Nearly, every art degree in art uni.

    P.S. Inb4 rage
    arent you the kid who thinks hes the **** because he does maths ?
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    (Original post by Simplicity)
    Media studies, journalism, fine art, computer games programming e.t.c.

    Nearly, every art degree in art uni.

    P.S. Inb4 rage
    Im not going to rage, im just in a miffed mood which has manifested into my present attitude and cant understand why people insist on viewing situations with such simplicity.

    All those degrees appear relevant and useful to all those who want to go into those industries. are you telling me that a budding cameraman should choose classics over media studies?
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    (Original post by Phantom_X)
    well before we get down to business teaddict, I rather enjoy imagining you as david cameron

    Your in line with me in terms of university funding mainly. Fees should rise to cover the costs, after all, we are both choosing to go into education with the idea of getting good jobs, and that cant be supplied by the government. However, what you are continunally failing to understand is that the government isnt going to borrow an extra £7,000 per student to cover their tuition costs with the price increase. Somewhere along the line, the students will have to make the shortfall, and tbh, not everyone has an exta £7,000 per year (ie.21,000) hiding under their beds to pay for their childs education- in particular poor and middle class families.

    Thus it comes to several options for students and universities. The student either borrows off a family member assuming they can. Or they borrow from a commercial bank, with added interest that accumlates for however long it isnt paid off (including if a student decides to take a PGCE or the GDL) or they dont go to university at all. if the latter occurs, there may be great rejoice on tsr, but what you actually have is more young people on the dole as a result of there not being enough jobs in shops, car garages etc to meet the excess supply of labour. a service economy requires graduates who are educated, not those with a mediocre set of a levels and no real world experience whatsoever. You also then create a workforce founded on mediocrity.

    On the issue of upfront fees, this will probably happen. Why would a university want to take on a student who cant necessarily pay them- particularly in a time of austerity ? again, another rich poor divide which is absolutely fantastic.

    i dont know what the tories or 'coaition' are playing at, but they are ******* stupid to do so. In fact, this policy alone will wipe out the liberal democrats for an extremely long time.
    I dont know why you muslims even bother going to 'kuffar' universities, learning 'kuffar' knowledge.

    Hopefully the indigenous population will be put first, as opposed to you muslims.
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    (Original post by Phantom_X)
    Oh teaddict, you know i love you really

    anyway,

    cutting the 50% target is going to be troublesome. Most schools want their kids to go to university as do most students in fact. especially when you have a tight job market with companies offering very few internships that are worthwhile (the accenture scheme i was on offered 10 places and there were about 4-5 hundred people applied just for my dept) youll find more people who are simply 'mediocre' by todays standards working ****** jobs in tescos or more probably, the dole. On top of this, i reckon the best any government could do is cut the number to about 30% or so , which would still be very expensive- definitely not enough to balance the costs of higher fees anyway.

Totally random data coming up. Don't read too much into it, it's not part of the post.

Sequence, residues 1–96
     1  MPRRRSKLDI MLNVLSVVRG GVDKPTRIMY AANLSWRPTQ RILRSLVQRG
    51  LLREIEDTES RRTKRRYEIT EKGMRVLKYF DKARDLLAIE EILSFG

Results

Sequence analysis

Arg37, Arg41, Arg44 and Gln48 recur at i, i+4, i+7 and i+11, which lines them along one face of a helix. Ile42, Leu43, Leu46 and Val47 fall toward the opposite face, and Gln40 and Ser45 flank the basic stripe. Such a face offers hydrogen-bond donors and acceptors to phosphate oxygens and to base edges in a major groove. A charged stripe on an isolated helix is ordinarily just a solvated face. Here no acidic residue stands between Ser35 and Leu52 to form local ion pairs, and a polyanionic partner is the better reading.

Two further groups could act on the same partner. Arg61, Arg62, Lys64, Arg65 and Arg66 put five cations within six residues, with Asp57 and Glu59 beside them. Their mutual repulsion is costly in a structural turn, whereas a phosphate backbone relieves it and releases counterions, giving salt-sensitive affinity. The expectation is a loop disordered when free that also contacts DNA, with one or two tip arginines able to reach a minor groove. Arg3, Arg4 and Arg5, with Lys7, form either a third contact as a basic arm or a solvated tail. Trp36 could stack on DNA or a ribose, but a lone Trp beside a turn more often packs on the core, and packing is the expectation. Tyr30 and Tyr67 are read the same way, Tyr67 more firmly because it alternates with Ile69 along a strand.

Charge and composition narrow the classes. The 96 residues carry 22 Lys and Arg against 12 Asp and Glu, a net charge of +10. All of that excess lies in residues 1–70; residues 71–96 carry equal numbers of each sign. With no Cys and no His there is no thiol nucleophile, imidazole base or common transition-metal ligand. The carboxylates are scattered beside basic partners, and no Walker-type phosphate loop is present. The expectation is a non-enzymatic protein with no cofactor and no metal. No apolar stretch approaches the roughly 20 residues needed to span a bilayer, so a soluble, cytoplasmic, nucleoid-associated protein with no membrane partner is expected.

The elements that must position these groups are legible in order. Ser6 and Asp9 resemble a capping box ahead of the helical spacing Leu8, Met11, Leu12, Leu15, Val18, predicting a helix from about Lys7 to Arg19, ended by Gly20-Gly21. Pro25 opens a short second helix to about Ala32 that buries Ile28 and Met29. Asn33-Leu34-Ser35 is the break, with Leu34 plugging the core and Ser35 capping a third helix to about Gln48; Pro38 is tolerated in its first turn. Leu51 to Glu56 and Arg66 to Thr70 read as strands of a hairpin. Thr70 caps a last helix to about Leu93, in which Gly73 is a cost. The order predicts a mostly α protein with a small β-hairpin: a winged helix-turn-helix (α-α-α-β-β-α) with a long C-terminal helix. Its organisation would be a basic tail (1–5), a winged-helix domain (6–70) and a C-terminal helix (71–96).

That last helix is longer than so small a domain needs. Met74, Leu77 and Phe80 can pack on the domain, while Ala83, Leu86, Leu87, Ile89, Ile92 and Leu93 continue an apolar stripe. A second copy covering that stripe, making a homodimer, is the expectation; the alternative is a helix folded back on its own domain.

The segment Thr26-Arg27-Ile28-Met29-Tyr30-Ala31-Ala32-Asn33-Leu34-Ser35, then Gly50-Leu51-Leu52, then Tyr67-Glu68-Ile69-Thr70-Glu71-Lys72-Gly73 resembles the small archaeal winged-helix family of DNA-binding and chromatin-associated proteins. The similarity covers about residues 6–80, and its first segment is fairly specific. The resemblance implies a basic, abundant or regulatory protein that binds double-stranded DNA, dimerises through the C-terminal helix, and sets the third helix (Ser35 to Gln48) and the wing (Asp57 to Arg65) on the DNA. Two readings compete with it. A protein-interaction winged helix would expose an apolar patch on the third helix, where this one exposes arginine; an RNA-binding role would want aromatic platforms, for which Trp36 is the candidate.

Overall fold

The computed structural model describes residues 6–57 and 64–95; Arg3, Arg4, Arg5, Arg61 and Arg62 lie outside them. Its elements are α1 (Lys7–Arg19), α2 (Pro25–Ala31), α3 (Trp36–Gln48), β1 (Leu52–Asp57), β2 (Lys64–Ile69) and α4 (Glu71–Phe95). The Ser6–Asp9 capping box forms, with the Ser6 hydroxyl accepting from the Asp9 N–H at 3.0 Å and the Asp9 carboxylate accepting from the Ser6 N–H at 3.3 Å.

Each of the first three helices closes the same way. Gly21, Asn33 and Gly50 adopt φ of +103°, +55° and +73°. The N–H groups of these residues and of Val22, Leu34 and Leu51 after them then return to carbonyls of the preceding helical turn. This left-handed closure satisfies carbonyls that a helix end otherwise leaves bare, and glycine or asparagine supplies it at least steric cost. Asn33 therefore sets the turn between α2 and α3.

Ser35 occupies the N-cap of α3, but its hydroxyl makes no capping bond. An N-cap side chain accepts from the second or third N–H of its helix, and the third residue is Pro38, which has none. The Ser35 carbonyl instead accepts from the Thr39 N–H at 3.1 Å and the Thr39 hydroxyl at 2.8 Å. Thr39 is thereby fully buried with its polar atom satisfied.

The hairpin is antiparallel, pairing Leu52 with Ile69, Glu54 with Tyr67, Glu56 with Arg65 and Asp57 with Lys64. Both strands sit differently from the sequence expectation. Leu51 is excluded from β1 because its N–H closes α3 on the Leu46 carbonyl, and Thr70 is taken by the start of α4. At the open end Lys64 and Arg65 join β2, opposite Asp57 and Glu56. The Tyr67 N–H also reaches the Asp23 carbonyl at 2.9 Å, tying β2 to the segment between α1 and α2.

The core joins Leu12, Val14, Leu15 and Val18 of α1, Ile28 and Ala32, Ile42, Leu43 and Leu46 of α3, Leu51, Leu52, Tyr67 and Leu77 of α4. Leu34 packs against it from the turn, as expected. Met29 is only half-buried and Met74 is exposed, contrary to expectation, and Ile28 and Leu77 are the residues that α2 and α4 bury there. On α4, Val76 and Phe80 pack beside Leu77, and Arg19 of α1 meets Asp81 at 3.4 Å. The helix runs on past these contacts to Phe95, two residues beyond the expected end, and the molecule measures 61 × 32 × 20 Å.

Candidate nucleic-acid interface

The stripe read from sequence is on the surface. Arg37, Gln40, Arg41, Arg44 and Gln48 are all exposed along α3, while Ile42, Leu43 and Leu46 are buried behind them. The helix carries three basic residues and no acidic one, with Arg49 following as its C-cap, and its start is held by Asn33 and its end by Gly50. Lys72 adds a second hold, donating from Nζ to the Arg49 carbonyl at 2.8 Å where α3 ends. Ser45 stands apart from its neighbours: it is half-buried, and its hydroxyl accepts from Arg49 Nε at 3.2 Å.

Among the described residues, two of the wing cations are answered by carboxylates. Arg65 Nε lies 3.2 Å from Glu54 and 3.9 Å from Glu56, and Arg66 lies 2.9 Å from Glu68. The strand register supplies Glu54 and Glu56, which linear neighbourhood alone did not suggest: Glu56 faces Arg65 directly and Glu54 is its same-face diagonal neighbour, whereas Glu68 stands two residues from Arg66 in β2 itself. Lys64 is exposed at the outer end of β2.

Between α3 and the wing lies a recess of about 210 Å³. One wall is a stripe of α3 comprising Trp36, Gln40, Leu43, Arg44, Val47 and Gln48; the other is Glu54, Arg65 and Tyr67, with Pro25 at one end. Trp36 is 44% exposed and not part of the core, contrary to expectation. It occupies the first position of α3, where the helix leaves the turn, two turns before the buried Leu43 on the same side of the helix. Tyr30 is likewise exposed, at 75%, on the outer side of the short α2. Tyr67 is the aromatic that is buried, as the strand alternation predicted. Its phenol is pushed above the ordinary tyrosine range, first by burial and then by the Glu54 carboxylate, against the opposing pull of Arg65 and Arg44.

cutting mickey mouse courses will not solve the problem either. its like a drop in the ocean in comparison to the other challenges facing higher ed.
    It will be difficult - But by cutting the targets and courses, we will be removing huge amounts of costs - and even then the Universities sector is still good investment.

    But we do need a systematic review of our education system to make it more streamlined and comprehensive in terms of student and business requirements.
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    (Original post by adam_zed)
    surely they are going to lose a massive amount?
    If we say it'll be about £50,000 for a three year degree. Starting salary could be along the lines of £22,000, after NI contributions, income tax, and student loan deductions that's just under £16,500. So about £5,500 per year in tax from their salary alone alone. Take into account other taxes (VAT, alcohol, tobacco, etc.) it's even more. They'll make more money from the person through other forms of tax, on the whole, if they have a good degree from a good uni.
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    (Original post by Green And Blue)
    I dont know why you muslims even bother going to 'kuffar' universities, learning 'kuffar' knowledge.

    Hopefully the indigenous population will be put first, as opposed to you muslims.
    lovely.

    actually, im rather agnostic, thanks (y)

    ps. muslim= religion / indigenous= race
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    What if we just raised the entry requirements? How many people get into uni with less than 240 points? Shouldn't happen.